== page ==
To solve this problem, these critics say, investors need to look beyond their own networks and make their own industry more inclusive. Currently, only around 4% of all venture capitalists are black, according to the National Association of Venture Capital. “You can’t just hire a person and you’re done. You can’t just tick a box, ”says Frederik Groce, director at Storm Ventures. Groce says improving diversity needs to be done systematically, rather than just promoting a black investor in a company or giving money to the first black founder who walks in the door. “I don’t think we’ve seen enough change happening yet, but I remain cautiously optimistic,” he said.
Groce co-founded a non-profit organization called BLCK VC in 2018 to support other black investors like him; its goal is to double the number of black VCs by 2024. In June, the group launched a seven-week training program called Breaking Into Venture, designed to bring black applicants to analyst and associate positions in companies. “This is our attempt to say, if you are having trouble finding talent, or if you think there is a ‘pipeline problem’, well, no, there is a filtering problem,” says Groce. “If you only look at rentals at Stanford, Harvard, Princeton, Yale” – which graduates some estimates are owned by up to 40% of CVs – “so you created an artificial filter”. The first Breaking Into Venture cohort came from a variety of other educational and professional backgrounds. Groce says half of this cohort now has venture capital jobs. But as Groce points out, the work of industry diversification still falls disproportionately on people of color, and everyone needs to do more.
“I think 2020 has crystallized for a lot of people that we have to do better and build more intentionally,” said Alexis Ohanian, co-founder of Reddit and Initialized Capital, a venture capital firm, in 2012. In November, Ohanian announced a new fund called Seven Seven Six, with a Operator in Residence Program to find and train future VCs through hands-on experience and formal mentoring. The program’s open application process aimed to seek applicants beyond the well-covered networks of Silicon Valley. “I wanted to set up something that was really deliberate from day one that could look at how to make the adventure work from first principles and generate even greater returns, and seek out an even greater range of founders. », Explains Ohanian.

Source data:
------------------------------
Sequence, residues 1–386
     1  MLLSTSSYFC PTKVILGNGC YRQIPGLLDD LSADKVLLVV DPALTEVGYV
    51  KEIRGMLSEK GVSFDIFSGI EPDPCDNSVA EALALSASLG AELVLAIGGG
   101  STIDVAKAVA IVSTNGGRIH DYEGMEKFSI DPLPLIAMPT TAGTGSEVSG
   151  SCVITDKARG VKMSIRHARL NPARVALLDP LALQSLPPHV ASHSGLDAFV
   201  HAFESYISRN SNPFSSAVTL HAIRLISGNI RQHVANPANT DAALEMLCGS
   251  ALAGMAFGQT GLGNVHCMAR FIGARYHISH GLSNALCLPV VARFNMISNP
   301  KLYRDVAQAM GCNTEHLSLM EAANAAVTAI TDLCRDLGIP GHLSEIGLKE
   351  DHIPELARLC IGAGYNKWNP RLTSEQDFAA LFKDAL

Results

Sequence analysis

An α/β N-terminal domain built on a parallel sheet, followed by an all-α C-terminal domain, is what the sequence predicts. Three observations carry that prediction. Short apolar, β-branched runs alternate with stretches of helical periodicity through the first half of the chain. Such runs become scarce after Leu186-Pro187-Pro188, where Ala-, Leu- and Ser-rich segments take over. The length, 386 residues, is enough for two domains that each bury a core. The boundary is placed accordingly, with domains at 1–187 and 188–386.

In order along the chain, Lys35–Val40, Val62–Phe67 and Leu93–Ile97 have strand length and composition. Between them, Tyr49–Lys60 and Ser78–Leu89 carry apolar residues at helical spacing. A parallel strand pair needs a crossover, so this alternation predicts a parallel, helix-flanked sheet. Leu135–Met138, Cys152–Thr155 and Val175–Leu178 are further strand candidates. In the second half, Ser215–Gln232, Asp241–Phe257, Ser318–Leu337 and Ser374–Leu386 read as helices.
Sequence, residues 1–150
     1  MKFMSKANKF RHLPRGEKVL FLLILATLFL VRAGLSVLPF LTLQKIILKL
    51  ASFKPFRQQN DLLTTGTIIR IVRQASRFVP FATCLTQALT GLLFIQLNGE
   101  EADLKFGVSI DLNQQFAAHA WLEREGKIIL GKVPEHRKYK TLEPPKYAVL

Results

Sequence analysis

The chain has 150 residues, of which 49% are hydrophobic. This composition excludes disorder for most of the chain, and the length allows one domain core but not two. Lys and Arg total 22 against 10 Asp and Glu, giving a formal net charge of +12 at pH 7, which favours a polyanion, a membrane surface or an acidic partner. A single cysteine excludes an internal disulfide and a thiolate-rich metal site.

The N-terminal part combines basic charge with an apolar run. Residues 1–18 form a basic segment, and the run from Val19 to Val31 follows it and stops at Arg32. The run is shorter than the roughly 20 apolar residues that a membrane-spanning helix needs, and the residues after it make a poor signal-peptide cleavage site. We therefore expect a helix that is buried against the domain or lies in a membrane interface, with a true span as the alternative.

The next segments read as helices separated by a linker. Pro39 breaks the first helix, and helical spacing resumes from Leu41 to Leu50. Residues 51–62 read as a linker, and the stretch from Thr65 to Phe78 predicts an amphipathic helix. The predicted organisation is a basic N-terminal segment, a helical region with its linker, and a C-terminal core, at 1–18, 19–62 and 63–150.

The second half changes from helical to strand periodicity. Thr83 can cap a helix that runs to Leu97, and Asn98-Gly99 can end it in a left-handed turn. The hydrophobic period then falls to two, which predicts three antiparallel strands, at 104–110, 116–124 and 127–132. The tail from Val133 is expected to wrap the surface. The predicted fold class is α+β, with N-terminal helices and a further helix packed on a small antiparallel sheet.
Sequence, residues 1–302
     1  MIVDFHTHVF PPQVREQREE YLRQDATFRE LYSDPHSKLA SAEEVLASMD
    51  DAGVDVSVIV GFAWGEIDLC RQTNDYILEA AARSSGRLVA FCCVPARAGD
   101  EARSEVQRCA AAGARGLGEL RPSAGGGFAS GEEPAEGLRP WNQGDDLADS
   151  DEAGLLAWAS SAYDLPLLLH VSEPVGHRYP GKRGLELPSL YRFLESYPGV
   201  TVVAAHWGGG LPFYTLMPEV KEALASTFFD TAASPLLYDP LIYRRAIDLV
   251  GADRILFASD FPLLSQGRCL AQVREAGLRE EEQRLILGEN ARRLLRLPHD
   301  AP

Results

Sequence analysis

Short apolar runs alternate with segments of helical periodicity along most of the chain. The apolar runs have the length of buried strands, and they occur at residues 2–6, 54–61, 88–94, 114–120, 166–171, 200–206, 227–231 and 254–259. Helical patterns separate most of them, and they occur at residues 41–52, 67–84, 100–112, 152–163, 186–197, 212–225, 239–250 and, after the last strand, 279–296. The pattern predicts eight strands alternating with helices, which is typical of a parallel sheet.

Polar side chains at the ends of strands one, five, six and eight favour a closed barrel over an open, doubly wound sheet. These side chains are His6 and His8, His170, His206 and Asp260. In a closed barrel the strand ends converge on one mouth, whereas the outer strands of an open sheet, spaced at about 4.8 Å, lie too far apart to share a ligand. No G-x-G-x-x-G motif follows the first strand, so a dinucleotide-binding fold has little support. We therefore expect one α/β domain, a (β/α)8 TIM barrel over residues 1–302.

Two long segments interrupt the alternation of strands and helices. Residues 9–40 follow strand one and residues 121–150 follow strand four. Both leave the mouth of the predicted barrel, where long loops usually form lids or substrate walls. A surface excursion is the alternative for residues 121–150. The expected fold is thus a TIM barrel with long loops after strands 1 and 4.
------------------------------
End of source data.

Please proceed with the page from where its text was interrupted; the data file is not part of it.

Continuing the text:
To longtime diversity advocates in venture capital, these recent efforts seem too little, too late. After Ohanian declared the Twitter earlier this month, 2021 would be “the year we start to see black and brown investors in the ranks of venture capitalists,” investor Ellen Pao highlighted that there had not been a single black or brown investor at Initialized Capital, nor at Seven Seven Six. When asked about this, Ohanian said he was not responsible for hiring at Initialized, and that Seven Seven Six has only been around since November. “I am delighted that she is so motivated to give us her feedback so early in our lives,” he said. (Pao did not respond to an interview request.)
As the Year of Big Promises draws to a close, the question is whether these conversations will continue and to what extent industry leaders will remain committed to a more equitable future. Howard thinks there may be enough individual investors who are starting to change the status quo. He mentioned Steve Case, the founder of AOL turned investor whom he met while raising funds for his fundraiser. Case created Rise of the rest, a fund to support founders who are otherwise overlooked in Silicon Valley. “He’s actually putting money in front of the founders, and it’s not $ 25,000 – it’s half a million dollars, enough for you to build something in a sustainable way,” says Howard, who received an investment. “In general, investing in diverse management teams is good business, and funds should do so without segregated capital.”
Plus, in the competitive startup world, having investors like Case on board can make a huge difference in raising more money. “Once a founder receives a condition sheet, everyone is like, ‘Who’s in it? If anyone’s around, the others say, “I’m comfortable doing that too,” Howard said. “If we can change a small community of people around us, it means other people have more equity. And then they can say, ‘I am too.’ “
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